The current presidential action only seems bold when it is taken out of context or compared to those presidents, like President Taft, who had an unduly narrow conception of the presidential office. Taft's view was that everything not expressly given the President and that does not adjudicate cases and controversies were congressional, rather than executive. Some modern presidents have acted in this excessively timid fashion, but that is hardly constitutional practice. Indeed, President Reagan thought the point so important that he had me intervene, as his then head of the Office of Legal Counsel, in special prosecutor Walsh's Iran-Contra litigation because Walsh edged close to or even into the overly narrow view of presidential power that seemingly would have denied President Reagan or his subordinates, as he directed them, to solicit donated funds for a presidential purpose for which a statute denied funding from the general treasury. Reminiscent of Teddy Roosevelt, Reagan had me stake out the president's deliberations over matters of foreign affairs as residually executive. Arguably, and ironically, Boehner's conception of presidential power would be more likely to impeach the Gipper than Obama.

President Obama in asserting these constitutional and related inherent authorities as the sole organ in foreign affairs has been careful to observe the limits of his implied authority in domestic matters, like health care. Congress has by statute more or less precluded the extension of health care to aliens even as, subject to some difficult case precedent, the Congress is precluded from denying an education to an alien child. There is no equivalent equal protection limit on health care. Given the President's attachment to widening health care coverage to make it as universal as possible, is it credible that President Obama would not include that assertion of authority if it was at all arguable? More prosaically why would a savvy political figure like Barack Obama at this post mid-term point be thinking of ways the Democrats can secure the Hispanic base of voters? His prudence in refraining from including in his executive order matters that were included in the Senate's earlier comprehensive reform, such as driver's licenses and temporary guest worker privileges, certainly disappoints the President, as it disappoints the owners of farms who need a reliable pool of labor as well as those who work the farms and need legal status to be treated fairly.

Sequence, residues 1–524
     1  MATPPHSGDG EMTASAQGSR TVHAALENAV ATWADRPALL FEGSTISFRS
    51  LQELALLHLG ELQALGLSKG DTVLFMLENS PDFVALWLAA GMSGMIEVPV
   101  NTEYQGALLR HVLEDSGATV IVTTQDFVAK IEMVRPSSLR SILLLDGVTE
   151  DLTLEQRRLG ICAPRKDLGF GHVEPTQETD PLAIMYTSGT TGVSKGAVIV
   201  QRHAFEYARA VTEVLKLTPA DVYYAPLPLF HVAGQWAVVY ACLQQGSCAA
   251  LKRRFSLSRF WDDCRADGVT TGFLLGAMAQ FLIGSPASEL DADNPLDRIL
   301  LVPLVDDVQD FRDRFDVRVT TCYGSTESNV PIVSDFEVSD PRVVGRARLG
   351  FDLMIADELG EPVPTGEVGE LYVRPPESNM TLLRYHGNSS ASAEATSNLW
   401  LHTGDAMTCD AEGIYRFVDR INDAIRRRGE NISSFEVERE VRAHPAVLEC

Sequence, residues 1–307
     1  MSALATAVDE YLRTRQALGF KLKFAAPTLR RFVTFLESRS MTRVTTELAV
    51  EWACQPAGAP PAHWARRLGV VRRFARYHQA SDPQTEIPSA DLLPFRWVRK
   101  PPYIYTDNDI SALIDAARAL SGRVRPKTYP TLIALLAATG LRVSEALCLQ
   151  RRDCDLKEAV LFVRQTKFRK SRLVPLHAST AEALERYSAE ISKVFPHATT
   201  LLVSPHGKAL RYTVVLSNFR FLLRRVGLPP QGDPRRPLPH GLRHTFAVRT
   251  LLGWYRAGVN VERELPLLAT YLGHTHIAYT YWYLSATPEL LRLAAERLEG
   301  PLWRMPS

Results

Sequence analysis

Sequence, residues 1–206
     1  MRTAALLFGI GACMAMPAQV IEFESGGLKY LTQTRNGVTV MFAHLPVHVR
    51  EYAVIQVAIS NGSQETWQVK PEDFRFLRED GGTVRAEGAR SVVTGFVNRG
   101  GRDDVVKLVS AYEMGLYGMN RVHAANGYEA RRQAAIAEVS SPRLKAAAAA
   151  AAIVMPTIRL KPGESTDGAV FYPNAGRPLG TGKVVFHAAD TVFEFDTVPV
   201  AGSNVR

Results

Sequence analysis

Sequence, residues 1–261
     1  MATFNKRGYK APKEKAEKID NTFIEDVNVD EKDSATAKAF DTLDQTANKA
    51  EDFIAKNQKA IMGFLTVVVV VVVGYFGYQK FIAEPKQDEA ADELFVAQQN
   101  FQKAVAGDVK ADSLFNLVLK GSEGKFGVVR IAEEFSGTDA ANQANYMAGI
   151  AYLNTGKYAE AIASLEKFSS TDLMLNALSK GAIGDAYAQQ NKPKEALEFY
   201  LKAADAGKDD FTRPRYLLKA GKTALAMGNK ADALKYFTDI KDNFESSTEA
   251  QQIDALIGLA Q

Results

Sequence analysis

Obama has affirmed these statutory limits many times. No amount of telling the President that he said or meant something different. Even if a transcript of his remarks would reveal some slip of legal lip mistakenly averting less power than he had, to insist that the President forfeits his constitutional authority if he once misstated it is to engage in a nonsense exercise. Obama himself has said many times in relation to certain statutes, including in particular those that preclude a reform as comprehensive as that previously passed by the senate, the president cannot do the equivalent unilaterally. The limits of statute are the rule of law binding on all.

By contrast, the President's actions in exercising discretion to acknowledge the constitutional citizenship of those born here is, as some aid said, "unassailable." To assail those core aspects of presidential power would deny the separation of powers, not enforce it. This again is especially true, since in the assertion of the discretion granted to him by the Constitution, President Obama has been careful to identify and to defer to congressionally-placed conditions on his authority do long as it carries forward his judgment. Thus, the reprieve from removal which the Constitution grants the President is not automatic, but is subject to case-by-case adjudication under guidelines issued by the Department of Homeland Security as the executive is authorized to do under federal immigration law.

Furthermore, the law authorizes the department to issue work authorization for noncitizens once deferred action has been conferred, provided they demonstrate "economic necessity." Finally, the President has not been at all bashful about using his discretion to remove aliens during his term of office. Presumably those who argue for fences in the desert have approved President Obama's aggressive removals to date. If that approval is to be viewed as rational, it must be conceded to exist in a case where the removal considerations are absent.

Unassailable? Good enough for government work. Stop pouting over actions the Constitution allows. Worry more about what the Constitution or your constituents will conclude if, like the last Congress, you do nothing at all.